It is a telling omission both about my experience and the variety of academic life. I didn’t quite think of it in these terms when I went to graduate school. But I wasn’t going to graduate school to teach. I knew that was a big part of what I would do as a professor. But really I wanted to be a research historian and write history. I think I was decent at it; I enjoyed it. But I was never nearly as focused on it as my colleagues were. I was not passionate about it. That obviously weighed quite a lot on my decision-making.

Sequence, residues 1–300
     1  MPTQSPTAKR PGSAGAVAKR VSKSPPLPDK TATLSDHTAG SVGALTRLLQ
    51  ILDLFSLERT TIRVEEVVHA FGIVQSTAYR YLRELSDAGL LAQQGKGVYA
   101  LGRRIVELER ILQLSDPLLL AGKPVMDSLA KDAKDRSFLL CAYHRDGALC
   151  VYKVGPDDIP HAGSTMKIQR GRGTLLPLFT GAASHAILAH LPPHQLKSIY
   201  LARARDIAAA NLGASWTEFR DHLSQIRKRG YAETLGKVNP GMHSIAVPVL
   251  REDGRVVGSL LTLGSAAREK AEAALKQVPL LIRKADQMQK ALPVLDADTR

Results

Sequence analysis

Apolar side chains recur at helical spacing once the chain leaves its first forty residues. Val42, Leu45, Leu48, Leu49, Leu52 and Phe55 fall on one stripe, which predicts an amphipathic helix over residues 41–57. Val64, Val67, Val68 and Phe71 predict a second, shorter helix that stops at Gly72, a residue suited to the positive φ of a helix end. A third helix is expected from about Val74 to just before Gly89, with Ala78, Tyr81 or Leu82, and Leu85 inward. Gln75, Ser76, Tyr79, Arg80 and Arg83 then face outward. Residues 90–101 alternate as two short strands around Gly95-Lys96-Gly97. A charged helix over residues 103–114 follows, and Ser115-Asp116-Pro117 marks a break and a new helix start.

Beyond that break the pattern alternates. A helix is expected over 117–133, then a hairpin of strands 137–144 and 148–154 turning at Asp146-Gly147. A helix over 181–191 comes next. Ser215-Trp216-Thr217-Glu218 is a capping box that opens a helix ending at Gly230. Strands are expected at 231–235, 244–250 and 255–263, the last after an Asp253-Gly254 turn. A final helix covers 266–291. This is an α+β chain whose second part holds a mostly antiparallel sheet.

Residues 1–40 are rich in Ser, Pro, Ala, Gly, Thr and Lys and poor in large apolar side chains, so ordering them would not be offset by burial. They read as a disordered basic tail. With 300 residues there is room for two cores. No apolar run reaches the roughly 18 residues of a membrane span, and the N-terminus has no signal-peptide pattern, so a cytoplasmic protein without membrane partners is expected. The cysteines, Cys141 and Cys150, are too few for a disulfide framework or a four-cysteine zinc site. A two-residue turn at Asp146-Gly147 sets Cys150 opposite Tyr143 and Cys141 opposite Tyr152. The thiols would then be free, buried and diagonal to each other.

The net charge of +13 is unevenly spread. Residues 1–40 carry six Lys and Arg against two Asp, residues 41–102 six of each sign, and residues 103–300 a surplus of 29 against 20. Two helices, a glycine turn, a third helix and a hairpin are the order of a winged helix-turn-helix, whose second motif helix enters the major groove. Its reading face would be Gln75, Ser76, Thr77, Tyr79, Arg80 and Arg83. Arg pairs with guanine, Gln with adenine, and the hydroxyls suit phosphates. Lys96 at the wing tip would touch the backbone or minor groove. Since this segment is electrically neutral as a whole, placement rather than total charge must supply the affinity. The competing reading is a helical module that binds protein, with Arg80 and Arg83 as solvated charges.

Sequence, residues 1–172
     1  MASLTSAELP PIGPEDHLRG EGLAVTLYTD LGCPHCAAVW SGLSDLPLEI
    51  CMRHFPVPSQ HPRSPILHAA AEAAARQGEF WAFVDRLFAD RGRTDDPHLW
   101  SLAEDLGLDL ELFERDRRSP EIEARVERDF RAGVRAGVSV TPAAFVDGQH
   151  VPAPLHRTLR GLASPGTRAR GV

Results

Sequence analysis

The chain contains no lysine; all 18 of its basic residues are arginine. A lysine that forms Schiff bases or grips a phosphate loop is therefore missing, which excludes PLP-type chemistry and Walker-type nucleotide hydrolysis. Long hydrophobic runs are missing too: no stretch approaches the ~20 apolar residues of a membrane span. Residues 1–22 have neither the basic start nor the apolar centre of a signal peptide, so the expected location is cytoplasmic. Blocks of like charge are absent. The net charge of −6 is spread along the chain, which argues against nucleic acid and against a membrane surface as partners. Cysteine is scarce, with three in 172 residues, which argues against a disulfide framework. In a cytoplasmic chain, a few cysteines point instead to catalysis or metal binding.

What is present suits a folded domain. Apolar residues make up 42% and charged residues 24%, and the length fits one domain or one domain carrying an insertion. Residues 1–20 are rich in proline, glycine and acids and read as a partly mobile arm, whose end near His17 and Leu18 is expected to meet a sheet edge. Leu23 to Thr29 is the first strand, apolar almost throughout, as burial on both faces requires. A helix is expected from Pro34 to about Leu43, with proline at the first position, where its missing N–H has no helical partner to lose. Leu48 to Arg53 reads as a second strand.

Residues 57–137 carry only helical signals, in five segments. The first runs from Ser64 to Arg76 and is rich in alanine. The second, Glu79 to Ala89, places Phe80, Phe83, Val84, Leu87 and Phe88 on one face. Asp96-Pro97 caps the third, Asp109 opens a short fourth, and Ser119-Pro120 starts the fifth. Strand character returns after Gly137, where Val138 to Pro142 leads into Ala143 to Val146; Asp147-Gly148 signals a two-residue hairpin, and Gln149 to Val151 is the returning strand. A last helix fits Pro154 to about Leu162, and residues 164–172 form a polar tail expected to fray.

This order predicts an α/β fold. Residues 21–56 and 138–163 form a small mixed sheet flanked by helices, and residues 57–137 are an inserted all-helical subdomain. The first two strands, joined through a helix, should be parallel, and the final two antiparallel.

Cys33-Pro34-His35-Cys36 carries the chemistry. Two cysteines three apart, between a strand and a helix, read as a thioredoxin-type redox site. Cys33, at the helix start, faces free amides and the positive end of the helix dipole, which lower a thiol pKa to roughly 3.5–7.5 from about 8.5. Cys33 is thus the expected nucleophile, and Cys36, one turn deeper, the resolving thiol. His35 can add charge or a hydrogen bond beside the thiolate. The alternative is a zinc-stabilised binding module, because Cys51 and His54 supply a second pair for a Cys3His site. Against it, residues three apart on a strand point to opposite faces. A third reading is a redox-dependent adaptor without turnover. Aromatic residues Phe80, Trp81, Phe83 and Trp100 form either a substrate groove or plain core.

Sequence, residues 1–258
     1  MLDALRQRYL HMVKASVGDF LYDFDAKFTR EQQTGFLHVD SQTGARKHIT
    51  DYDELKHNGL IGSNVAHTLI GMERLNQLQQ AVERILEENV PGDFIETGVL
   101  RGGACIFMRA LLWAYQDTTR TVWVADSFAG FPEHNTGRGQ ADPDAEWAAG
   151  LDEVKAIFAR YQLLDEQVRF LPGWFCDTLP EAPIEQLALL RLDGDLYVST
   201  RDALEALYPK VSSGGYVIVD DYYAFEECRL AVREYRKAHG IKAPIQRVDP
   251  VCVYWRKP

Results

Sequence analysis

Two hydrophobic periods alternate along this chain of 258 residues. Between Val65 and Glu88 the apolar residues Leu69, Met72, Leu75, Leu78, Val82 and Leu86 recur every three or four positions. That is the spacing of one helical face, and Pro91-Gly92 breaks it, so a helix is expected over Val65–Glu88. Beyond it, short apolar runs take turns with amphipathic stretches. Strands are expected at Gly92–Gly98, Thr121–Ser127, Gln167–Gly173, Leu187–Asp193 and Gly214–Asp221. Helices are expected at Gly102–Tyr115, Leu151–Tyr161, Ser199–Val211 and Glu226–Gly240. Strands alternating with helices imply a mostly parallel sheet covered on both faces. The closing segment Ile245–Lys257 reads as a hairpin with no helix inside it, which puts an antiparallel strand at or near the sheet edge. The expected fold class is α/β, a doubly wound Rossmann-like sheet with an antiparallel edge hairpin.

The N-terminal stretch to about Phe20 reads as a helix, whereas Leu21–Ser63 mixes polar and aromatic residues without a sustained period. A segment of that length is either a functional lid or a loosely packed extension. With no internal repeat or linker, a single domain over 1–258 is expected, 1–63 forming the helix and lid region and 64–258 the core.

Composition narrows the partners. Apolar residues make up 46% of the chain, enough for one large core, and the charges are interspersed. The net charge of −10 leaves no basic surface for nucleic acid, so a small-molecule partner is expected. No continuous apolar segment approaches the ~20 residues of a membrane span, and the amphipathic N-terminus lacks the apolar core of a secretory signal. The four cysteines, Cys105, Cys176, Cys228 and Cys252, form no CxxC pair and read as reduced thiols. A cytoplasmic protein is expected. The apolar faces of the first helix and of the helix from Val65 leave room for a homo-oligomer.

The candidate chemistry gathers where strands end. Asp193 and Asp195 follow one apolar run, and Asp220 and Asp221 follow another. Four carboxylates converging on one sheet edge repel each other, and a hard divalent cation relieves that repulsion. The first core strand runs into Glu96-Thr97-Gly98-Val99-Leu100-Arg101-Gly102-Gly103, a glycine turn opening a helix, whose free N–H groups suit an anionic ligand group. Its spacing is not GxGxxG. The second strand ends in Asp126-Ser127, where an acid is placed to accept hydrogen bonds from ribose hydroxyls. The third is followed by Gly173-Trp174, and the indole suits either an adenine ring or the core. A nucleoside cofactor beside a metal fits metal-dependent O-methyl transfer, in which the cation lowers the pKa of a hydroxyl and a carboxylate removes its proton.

A number of others made the very good point that the debate about the academy tends to get very caught up in a pretty small island of academic life which is housed in prestigious research universities. If you widen out your perspective to include the great mass of academics teaching at public universities and community colleges you get a dramatically different picture, one where teaching is at the center of the action.

As a self-explanation and critique, I should put out there that it was definitely that uber-Ivory Tower world I was looking to make a mark in.

TPM Reader JS is one of these. And there’s a lot I loved about her note …